“He was an original thinker,” bandmate Robert Lamm has said of Kath, the band’s early vocalist, who was a self-taught Chicago musician who started playing in his teens. “He was an inventor, in many ways. He invented the way he played his guitar… I don’t think there’s ever been a better rhythm player.”

Sadly, though, Kath struggled with alcohol and drugs, and in 1978, at the age of 31, the target-shooting enthusiast died from an accidental gunshot to the head after fooling around with a weapon he didn’t know was loaded. “Terry and I were teenage friends and it was devastating for me,” Walter Parazaider told music journalist Paul Elliott. “When I heard the news on the phone, I almost went to my knees. It was like being hit with a sledgehammer. We thought, ‘Maybe this is the way the band should end.’ We had fan mail saying: ‘Please, don’t stop the band now.” That really helped us. But I have to be honest — there are some things you never get over.”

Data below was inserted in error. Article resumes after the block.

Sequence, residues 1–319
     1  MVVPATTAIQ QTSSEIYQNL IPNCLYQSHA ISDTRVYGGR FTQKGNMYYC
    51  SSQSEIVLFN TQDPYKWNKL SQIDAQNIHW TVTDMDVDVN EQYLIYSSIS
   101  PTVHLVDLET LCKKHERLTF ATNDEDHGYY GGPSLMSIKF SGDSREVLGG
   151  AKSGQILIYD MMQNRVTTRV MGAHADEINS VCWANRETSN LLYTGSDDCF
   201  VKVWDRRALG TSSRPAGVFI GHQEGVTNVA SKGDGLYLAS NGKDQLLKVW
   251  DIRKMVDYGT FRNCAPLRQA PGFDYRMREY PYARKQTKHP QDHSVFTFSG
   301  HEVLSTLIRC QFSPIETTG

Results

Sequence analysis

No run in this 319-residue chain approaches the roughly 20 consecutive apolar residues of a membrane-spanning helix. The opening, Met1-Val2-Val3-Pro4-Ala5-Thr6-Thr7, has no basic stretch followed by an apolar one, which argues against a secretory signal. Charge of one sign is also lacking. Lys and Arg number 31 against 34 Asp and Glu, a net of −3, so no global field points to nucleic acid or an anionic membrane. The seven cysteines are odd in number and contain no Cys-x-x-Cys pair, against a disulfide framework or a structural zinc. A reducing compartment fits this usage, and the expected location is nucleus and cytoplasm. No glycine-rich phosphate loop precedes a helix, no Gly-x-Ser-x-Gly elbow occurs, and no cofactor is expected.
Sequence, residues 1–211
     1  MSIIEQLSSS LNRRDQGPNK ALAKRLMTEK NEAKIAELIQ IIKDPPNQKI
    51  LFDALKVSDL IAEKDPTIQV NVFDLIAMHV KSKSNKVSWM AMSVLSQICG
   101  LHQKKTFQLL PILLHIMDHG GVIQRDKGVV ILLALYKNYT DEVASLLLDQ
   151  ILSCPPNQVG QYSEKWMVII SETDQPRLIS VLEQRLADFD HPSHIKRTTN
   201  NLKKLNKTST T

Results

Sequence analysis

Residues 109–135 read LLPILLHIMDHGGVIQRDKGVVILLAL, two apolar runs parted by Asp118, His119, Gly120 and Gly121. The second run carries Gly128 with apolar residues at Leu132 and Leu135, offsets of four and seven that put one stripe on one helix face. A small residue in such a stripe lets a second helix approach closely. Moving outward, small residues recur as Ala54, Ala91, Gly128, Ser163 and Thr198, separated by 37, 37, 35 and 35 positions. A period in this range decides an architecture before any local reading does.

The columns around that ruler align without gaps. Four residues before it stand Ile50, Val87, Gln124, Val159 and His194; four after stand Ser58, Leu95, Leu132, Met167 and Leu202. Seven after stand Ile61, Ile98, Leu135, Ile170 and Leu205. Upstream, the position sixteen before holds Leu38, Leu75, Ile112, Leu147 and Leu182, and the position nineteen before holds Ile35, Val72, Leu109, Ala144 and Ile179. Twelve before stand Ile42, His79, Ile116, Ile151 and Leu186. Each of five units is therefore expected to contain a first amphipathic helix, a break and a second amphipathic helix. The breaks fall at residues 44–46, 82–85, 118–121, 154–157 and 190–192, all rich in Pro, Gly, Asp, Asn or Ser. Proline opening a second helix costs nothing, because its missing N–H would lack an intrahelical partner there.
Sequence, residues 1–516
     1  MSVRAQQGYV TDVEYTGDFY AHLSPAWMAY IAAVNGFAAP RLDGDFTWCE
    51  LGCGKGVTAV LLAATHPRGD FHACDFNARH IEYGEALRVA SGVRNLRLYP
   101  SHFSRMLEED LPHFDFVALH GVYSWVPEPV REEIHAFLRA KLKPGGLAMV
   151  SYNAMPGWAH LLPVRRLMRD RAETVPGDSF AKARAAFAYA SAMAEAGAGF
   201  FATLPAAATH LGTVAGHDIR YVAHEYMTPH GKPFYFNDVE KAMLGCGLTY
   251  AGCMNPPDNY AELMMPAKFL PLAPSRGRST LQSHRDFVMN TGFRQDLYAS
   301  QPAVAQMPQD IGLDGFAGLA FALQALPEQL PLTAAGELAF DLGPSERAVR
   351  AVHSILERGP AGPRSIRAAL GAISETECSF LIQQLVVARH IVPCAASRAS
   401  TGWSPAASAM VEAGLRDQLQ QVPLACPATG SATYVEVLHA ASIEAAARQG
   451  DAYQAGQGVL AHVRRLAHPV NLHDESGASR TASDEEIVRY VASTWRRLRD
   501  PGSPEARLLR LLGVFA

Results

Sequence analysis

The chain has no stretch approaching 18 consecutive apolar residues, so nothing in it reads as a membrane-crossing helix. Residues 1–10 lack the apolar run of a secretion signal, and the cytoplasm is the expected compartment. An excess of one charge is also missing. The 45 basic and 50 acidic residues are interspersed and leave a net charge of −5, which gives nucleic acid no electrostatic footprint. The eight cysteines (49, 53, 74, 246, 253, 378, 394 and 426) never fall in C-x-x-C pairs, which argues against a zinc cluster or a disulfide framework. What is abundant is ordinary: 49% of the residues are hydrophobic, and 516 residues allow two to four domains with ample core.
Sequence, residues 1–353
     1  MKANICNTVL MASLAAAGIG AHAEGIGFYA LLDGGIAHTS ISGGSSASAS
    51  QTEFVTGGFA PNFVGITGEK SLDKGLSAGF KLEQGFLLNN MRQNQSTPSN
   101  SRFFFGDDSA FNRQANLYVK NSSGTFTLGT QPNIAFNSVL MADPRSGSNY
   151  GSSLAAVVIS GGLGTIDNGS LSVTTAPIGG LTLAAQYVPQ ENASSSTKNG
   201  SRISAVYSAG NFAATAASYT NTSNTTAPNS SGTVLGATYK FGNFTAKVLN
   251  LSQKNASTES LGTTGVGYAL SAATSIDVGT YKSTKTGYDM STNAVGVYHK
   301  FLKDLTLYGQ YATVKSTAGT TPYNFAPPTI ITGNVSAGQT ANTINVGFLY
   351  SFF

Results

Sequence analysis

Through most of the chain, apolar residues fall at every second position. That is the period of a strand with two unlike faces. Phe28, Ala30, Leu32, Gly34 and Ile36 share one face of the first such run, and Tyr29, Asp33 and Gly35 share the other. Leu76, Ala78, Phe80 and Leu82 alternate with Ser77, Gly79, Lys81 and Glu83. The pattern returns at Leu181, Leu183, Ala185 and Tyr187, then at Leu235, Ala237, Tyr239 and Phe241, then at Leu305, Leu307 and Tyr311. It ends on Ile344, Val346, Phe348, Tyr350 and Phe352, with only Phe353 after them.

Kath’s death lead to a string of guitarists stepping in for him, including Donnie Dacus and Keith Howland, the latter of which fully settled into the band in 1995. Chicago honored their fallen bandmate with the 1997 album The Innovative Guitar of Terry Kath, and in the 2016 documentary The Terry Kath Experience: A Daughter’s Journey, director Michelle Kath Sinclair explores the life and tragic end of her father. “I’ve since learned that he is the quintessential story of an all-American boy raised in the midwest, who, at a young age, picks up a guitar, falls in love with it, and goes on to become a famous 70s rock star,” she’s said, noting that he died before her third birthday and, “when, in looking through old photos of him, I realized that I didn’t know his full story.”

Danny Seraphine: Chicago then and now

Dannny Seraphine
1971/2022Tom Hill / Contributor // Alberto E. Rodriguez / Stringer

The Chicago-born drummer, who started playing at age 9, came close to giving up on his professional music dreams in the early 60s but he crossed paths with Terry Kath and Walter Parazaider, which led to the formation of the band that would become Chicago. After simmering internal friction he had with other members through the years, Seraphine left the band in 1990 and was replaced by Tris Imboden for some time.